Speculation is mounting that Formula One is about to be revamped by a US takeover that could bring new life and a higher profile for a sport that is struggling to attract new fans.
Media reports suggest that F1’s largest and controlling shareholder, the hedge fund CVC Capital Partners, is preparing to sell the business to US media conglomerate Liberty Media for around $8.5 billion; more than four times CVC’s original outlay in 2006.
At last weekend’s Italian Grand Prix, Formula One’s commercial boss Bernie Ecclestone met with CVC co-chairman Donald Mackenzie, whose rare appearance in the paddock fueled speculation of an imminent deal. When speaking at Monza, however, the 85-year-old Ecclestone would not confirm whether or not a sale is going ahead.
Liberty, a multi-billion dollar, mass-media company is run by 75-year-old John Malone. He is ranked 184th on the Forbes list of billionaires – 69th in the US – with a net worth of $7.1 billion, and Forbes credits him as being the “nation’s biggest individual landowner, with over two million acres across seven states.”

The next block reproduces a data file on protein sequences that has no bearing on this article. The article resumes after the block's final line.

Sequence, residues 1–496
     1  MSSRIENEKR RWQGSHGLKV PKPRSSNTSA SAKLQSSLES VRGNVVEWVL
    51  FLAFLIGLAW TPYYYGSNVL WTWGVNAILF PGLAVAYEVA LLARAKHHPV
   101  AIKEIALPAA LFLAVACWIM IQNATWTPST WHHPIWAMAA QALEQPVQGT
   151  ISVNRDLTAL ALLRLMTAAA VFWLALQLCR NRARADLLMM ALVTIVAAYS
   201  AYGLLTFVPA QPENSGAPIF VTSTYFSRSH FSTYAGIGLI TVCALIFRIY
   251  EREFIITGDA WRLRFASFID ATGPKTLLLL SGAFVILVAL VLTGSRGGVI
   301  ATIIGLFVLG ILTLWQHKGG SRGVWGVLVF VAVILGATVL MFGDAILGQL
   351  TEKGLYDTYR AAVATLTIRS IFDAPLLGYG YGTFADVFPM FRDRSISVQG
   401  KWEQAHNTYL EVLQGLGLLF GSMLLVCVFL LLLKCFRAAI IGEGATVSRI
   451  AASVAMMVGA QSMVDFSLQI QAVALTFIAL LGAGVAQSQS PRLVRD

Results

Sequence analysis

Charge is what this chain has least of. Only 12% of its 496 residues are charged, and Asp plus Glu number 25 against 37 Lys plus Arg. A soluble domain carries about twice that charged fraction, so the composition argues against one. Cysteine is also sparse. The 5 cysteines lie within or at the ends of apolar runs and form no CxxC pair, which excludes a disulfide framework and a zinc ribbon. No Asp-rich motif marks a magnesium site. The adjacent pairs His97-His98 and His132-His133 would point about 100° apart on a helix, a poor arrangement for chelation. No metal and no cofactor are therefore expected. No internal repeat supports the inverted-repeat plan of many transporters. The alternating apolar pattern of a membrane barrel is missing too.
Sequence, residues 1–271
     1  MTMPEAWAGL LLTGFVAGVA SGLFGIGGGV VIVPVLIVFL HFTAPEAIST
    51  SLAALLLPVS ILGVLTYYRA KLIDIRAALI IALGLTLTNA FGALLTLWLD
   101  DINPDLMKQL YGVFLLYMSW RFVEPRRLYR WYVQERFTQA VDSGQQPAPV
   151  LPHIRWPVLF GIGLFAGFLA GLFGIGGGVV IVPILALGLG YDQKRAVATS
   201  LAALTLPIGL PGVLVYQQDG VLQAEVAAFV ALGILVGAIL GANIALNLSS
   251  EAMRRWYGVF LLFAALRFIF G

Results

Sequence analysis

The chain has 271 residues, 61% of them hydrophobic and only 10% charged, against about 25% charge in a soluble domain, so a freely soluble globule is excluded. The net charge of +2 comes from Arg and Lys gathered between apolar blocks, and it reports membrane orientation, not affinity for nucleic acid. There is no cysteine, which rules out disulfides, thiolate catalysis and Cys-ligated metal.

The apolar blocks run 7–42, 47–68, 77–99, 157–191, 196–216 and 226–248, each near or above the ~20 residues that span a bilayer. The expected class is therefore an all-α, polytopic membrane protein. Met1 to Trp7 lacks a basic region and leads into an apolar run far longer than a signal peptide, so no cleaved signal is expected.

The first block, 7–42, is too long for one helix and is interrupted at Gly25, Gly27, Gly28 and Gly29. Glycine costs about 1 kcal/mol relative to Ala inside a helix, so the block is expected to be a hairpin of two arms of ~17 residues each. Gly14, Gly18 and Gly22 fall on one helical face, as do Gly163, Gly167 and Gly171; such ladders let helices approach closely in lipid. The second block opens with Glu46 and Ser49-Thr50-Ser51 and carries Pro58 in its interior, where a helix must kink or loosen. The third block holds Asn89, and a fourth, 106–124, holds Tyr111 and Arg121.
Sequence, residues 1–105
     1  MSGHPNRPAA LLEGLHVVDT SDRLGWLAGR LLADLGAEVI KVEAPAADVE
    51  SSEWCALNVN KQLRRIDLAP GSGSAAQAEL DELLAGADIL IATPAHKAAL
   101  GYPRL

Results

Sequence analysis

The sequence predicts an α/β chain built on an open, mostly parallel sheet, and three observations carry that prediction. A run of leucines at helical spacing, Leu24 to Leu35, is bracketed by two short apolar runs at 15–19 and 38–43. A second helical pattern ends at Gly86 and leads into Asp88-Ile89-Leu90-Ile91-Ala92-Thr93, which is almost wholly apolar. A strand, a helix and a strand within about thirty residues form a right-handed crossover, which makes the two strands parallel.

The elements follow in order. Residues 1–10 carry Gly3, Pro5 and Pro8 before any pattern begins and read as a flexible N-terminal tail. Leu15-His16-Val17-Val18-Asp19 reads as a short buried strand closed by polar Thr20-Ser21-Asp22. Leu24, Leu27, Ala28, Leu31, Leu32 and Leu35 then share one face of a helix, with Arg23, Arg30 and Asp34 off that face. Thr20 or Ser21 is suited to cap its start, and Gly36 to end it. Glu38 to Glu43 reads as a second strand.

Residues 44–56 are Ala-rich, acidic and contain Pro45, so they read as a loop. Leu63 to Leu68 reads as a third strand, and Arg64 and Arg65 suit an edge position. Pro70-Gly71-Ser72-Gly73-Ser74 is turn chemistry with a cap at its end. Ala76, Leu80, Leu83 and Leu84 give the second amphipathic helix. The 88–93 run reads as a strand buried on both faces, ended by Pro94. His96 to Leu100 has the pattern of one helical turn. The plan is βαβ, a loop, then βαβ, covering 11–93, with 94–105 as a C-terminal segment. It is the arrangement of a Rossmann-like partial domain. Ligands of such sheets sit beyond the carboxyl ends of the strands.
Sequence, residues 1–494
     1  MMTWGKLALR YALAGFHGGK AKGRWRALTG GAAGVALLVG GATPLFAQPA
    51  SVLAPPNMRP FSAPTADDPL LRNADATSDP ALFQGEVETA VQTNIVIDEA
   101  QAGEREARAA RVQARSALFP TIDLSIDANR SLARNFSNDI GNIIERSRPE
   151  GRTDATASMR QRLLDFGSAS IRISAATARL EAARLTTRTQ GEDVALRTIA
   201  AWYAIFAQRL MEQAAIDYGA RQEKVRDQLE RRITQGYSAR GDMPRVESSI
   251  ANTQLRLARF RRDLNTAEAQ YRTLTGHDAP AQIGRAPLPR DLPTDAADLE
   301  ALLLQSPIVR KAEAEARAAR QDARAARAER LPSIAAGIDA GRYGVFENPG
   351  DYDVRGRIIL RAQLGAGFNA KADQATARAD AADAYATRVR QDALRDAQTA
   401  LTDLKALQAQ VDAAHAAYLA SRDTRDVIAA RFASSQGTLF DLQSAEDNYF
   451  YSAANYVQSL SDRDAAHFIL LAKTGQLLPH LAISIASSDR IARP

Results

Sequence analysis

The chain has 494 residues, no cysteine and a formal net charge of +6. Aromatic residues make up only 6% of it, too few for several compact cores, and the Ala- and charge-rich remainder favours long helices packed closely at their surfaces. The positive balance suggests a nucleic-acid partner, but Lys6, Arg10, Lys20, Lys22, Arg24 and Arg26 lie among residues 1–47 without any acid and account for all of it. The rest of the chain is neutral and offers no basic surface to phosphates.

Malone would not be a newcomer to the high-end world of sport, since Liberty owns Major League Baseball side Atlanta Braves.
Reportedly, with Malone in charge, F1’s new chairman would become Chase Carey, the executive vice-chairman of 21st Century Fox.
Despite its American base, Ecclestone was skeptical as to whether a takeover by Liberty would increase F1’s success in the United States, which currently hosts only one of 21 races on the calendar and has no drivers competing in the championship. The only US representative on the grid is the US-backed Haas team, which arrived in F1 this season and has done reasonably well thanks to experienced French driver Romain Grosjean.
“To open the American market you need to have 10 races in America, sell tickets cheap and have a huge number of hamburger stands – but then it would not be F1 any longer,” Ecclestone told F1.com, the sport’s official website. “But if all that scenario of the takeover is happening, then they can do what they want.”
CVC is F1’s biggest shareholder with a 35.5 per cent stake, followed by US fund manager Waddell & Reed with just over 20 per cent. Ecclestone has 5.3 per cent stake in F1 but his family Bambino Trust has a further 8.5 per cent, rounding up his involvement up to about 14 per cent.
Ecclestone’s own position in the event of a Liberty buyout is another subject of interest in the F1 paddock. When asked about it, the British billionaire replied… read full story